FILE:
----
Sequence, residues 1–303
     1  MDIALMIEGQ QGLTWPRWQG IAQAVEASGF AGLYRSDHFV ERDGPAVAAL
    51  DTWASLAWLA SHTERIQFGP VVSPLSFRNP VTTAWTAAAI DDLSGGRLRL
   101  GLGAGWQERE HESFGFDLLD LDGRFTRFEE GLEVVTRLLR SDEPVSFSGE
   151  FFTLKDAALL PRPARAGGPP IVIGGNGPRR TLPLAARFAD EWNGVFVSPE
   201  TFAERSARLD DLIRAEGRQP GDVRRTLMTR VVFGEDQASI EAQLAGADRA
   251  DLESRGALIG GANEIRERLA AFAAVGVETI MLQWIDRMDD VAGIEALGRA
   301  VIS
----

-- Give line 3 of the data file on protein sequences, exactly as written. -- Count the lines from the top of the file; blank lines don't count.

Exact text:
    51  DTWASLAWLA SHTERIQFGP VVSPLSFRNP VTTAWTAAAI DDLSGGRLRL